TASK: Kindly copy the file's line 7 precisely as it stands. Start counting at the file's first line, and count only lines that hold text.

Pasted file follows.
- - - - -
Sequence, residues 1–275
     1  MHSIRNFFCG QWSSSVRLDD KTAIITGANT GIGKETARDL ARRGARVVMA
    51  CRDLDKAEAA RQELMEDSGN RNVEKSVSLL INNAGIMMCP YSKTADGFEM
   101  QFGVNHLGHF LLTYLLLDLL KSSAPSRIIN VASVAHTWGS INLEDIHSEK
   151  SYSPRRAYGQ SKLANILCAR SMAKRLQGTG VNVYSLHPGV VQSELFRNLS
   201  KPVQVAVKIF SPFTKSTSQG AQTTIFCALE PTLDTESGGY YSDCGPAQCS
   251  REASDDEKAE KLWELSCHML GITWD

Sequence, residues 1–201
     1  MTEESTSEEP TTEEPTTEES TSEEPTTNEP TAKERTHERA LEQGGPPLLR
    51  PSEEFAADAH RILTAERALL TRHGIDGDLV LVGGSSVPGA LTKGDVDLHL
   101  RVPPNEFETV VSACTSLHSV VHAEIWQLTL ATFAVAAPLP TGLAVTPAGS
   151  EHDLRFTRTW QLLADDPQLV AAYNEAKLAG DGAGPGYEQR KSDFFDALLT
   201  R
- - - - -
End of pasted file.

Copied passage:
   251  REASDDEKAE KLWELSCHML GITWD